Archives de la Préfecture de Police, Paris (hereafter APP), DA 266.
AN, K1022, no. 145.
Carbonnier, “Le bois contre la pierre,” 262–63; Carbonnier, Maisons parisiennes, 34–37, 44–63; AN, K1022, no. 140.
Carbonnier, Maisons parisiennes, 36–37, 45–47.
AN, G7 433, fol. 577: “Les maisons sont très hautes, tres serrées, occupées par des maîtres fripiers et pleines de marchandises, la plupart vieilles et de bois, et ainsi très faciles à embraser. . . . C'est une espèce de miracle que le feu ne prenne pas plus souvent à ces maisons de la manière dont elles sont construites et par le nombre de peuple qui les habitent.”
Arnaud, Pompiers de Paris, 43; Registres de délibérations, 9:393 (1589), 14:40 (1605), 16:107 (1614); BNF, JF 1325, fol. 237v; Blackstone, British Fire Service, 25; Keene, “Fire in London,” 196; London Metropolitan Archives (hereafter LMA), COL/CA/01/02/001, Court of Aldermen, index to repertories: Repertory 15 (1561–66), fol. 250; Repertory 16 (1566–70), fol. 267; Repertory 17 (1570–73), fol. 72; Repertory 20 (1579–83), fol. 425; Cressy, Saltpeter, 166–69.
Arnaud, Pompiers de Paris, 44; AN, Y9541A, fols. 64–74, 140–48v (Mar. 30, 1635), Y9541B (1638–43), Y9545-7 (1643–60), Y9536 (June 13, 1677; May 20, 1699).
LMA, COL/CA/01/02/006, Repertory 79, fol. 421; Repertory 80, fol. 90v; Blackstone, British Fire Service, 54, 61; BNF, MS Fr. 21681, fol. 57; AN, AD I 25A, no. 13; Delamare, Traité de la police, 4:138–41.
Cherrière, La lutte contre l'incendie dans les halles, 130–39; Cherrière, La lutte contre l'incendie sur la Seine, 10–19; AN, AD I 24, doss. 1; AN, AD I 25A, nos. 23, 31; Fréminville, Dictionnaire, 395–97.
AN, Minutier central des notaires LXXXIX 453, Sept. 9, 1738; Potofsky, Constructing Paris, 43–44.
Johnson, Southwark, 128, 296, 306; Cavert, Smoke of London, 68–79.
LMA, inventory 60.225, Middlesex Session Books, no. 260.
Guildhall Library, MS 5198, Nov. 25, 1669; Glover, Men of Metal, 134.
Nouveau coutumier général, vol. 3, Nouvelle coutume (1580), Arts. CLXXXIX, CXC; Delamare, Traité de la police, 4:144, Arrêt du Parlement, May 10, 1706; Isambert, Recueil général, 21:257, Arrêt du Conseil, Aug. 9, 1723.
For example, AN, Y9441A, May 6, 1740. On the functioning of this court in the eighteenth century, see Williams, Police of Paris, 28–36.
Carvais, “La Chambre royale des Bâtiments.” For an overview of the different jurisdictions, stressing the conflicts between them, see Gay, “L'administration de la capitale,” 324–70.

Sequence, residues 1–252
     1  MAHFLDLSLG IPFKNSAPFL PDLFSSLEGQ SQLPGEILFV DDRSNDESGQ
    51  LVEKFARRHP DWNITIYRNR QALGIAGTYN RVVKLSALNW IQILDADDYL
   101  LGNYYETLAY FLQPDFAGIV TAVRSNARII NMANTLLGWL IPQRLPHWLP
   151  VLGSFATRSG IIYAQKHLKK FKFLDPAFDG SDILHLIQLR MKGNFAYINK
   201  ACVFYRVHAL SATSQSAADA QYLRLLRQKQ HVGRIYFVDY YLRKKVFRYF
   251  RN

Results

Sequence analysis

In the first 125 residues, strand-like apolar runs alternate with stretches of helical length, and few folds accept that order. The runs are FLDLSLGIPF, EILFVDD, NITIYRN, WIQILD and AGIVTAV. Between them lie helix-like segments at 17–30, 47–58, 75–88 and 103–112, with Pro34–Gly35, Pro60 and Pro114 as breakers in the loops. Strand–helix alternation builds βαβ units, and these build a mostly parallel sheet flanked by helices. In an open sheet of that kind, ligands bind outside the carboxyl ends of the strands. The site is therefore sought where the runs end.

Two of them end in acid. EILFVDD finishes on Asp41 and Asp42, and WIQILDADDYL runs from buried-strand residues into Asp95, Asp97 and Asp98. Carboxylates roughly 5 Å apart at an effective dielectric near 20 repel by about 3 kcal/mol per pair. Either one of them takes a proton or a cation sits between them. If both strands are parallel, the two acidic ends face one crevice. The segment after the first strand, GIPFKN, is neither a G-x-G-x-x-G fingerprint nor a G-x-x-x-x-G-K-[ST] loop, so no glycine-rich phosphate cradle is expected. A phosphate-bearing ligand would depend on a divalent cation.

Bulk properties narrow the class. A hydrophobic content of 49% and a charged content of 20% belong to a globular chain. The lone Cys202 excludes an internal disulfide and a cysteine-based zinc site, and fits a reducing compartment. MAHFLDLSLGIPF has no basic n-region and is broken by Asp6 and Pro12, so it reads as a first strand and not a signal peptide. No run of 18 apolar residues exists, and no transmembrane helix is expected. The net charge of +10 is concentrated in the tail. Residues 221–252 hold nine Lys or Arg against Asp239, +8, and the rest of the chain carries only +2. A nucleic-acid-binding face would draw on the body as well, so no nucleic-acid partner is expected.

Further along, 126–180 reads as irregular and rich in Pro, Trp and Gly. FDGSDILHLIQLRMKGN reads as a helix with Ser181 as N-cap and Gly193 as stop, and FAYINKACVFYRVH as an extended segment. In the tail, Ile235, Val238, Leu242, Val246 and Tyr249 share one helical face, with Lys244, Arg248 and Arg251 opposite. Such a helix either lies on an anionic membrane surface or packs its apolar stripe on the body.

Chassaigne, Lieutenance générale, 27; Piasenza, “Juges,” 1191; Abad, “Les luttes entre juridictions.” For a fuller account, see Piasenza, Polizia e città, 43–77.
On both disputes and collaboration, see Williams, Police of Paris, 163–85.
Williams, Police of Paris, 177–78; AN, AD I 24, Ordonnance du Prévôt des Marchands et échevins, Dec. 23, 1737; Sentence de police, Dec. 15, 1730; Cherrière, La lutte contre l'incendie sur la Seine, 26–27; AN, AD I 23 B, Lettres patentes du roi, May 1784.
Williams, Police of Paris, 183–84.
AN, Z2 3670, Z2 3808.
Lemercier, Les justices seigneuriales, 159.
LMA, COL/CA/01/02/001, index to repertories, Repertory 39, fol. 19, Nov. 11, 1624; Freshfield, Accomptes, 24, 36, 51, 71; Blackstone, British Fire Service, 48–51, 61; Wright, Insurance Fire Brigades, 8–9; Trebilcock, Phoenix Assurance, 124.
Arnaud, Pompiers de Paris, 20, 25, 45; Picot, “Recherches sur les quartiniers,” 162; Registres des délibérations, 9:246, Jan. 13, 1589; BNF, MS Fr. 21681, fol. 30.
AN, AD I 25A, no. 2, Ordonnance du lieutenant de police, Mar. 7, 1670; Delamare, Traité de la police, 4:153–54, Sentence de police, Jan. 7, 1701.
Arnaud, Pompiers de Paris, 55–64; AN, O1 360, no. 31, “Etat de l'emploi de 73.000 livres accordée par arrêt du Conseil du 17 décembre 1770. Pour le service des Incendies de la Ville de Paris.”
Pyne, Vestal Fire, 13–15.
Slonosky, “Wet Winters, Dry Summers?,” 3. See also Guillerme, La naissance de l'industrie, 25–27.
Garrioch, “1666,” 328; Wright, Insurance Fire Brigades, 10.
Ranum, Paris, 63–65, 72–75; Roche, Histoire des choses banales, 164–71; Beaumont-Maillet, L'eau à Paris, 37–91; Cherrière, “L'eau à Paris”; Carbonnier, Maisons parisiennes, 424, 31, 35–37.
Williams, Police of Paris, 177; Cherrière, La première bouche d'eau, 4–8; Arnaud, Pompiers de Paris, 26, 64, 547.
BNF, JF 1525; Favier, “L'almanach du messager boiteux,” 367.
Porter, Great Fire, 1, 35; Keene, “Fire in London,” 191.